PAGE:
As rents rise in San Antonio, many tenants struggle to pay

2-bedroom apartment in SA costs 14% more than last year, Rent.com says

Rents continue to rise across the San Antonio area and nationally, but wages for many aren’t keeping pace.

SAN ANTONIO – Rents continue to rise across the San Antonio area and nationally, but wages for many aren’t keeping pace.

Connie Gamboa is disabled and has no job. Her rent has increased by $100 a month.

“I have to be careful, like, how I buy my groceries and how I manage to pay my other bills,” she said.

Rent has increased by an average of 7.2% since last year, according to the latest Consumer Price Index.

That’s creating a challenge for tenants like Eric Hernandez, whose rent also went up about $100 over recent months.

“I’ve been looking around at other places. And places that I could afford three years ago, I can’t really afford now,” Hernandez said.

How much are San Antonians paying? The average for a two-bedroom apartment is $1300, a 14% increase over the past year, according to Rent.com. A one-bedroom is $1,047 on average, a 13% year-over-year bump.

“We’re seeing two-, three-, four-hundred dollar increases,” said Jennifer Gonzalez, executive director for Alamo Community Group.

Her nonprofit, which provides affordable housing for qualified tenants, is seeing increased demand, she said.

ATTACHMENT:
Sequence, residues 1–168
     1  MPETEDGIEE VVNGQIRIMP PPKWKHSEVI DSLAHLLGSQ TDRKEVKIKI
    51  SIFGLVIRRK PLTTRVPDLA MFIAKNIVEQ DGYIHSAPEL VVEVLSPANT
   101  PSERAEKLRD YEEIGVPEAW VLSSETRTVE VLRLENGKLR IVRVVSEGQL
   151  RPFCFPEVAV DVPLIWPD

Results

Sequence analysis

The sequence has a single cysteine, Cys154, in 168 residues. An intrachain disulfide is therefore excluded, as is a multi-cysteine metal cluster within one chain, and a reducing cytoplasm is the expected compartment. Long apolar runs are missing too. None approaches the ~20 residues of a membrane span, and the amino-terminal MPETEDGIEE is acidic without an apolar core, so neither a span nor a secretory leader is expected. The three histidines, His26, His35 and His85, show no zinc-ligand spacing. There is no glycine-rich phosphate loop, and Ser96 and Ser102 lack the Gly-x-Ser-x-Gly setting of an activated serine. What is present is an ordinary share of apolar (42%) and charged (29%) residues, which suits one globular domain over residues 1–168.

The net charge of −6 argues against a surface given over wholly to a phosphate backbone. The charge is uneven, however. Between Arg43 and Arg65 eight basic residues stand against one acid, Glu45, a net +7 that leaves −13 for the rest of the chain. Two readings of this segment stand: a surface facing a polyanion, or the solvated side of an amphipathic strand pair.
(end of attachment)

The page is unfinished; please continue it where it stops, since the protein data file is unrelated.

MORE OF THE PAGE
Their newest complex is Museum Reach Lofts, and it’s already full, and so are all of their buildings.

Gonzalez sees rising rents are pushing people out.

“They’re moving back in with parents,” she said. “We see a lot of doubling up. In some instances, we’re having to give referrals to Haven for Hope or to some of the other shelters.”

Lower-income individuals and families are hardest hit, Gonzalez said. Their wages don’t keep pace with the rising gas, groceries, utilities and rent costs.

That’s something Bertha Gonzalez knows well.

“I just get paid $10 an hour. It’s very hard. My husband works, but also he does not get paid much. So it’s getting harder and harder,” she said.

Like many economists, Gonzalez sees a sliver of a silver lining -- not that rents will come down, but that the rise will soon begin to slow.

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About the Authors:

As a consumer reporter, Marilyn is all about helping people stay safe and save a buck. Since coming to KSAT in 1985, she’s covered everything from crime to politics, winning awards for her coverage of the Mexican Mafia, Oklahoma tornadoes, children’s transplants, an investigation into voting irregularities and even a hit-and-run Santa Claus.

Luis Cienfuegos is a photographer at KSAT 12.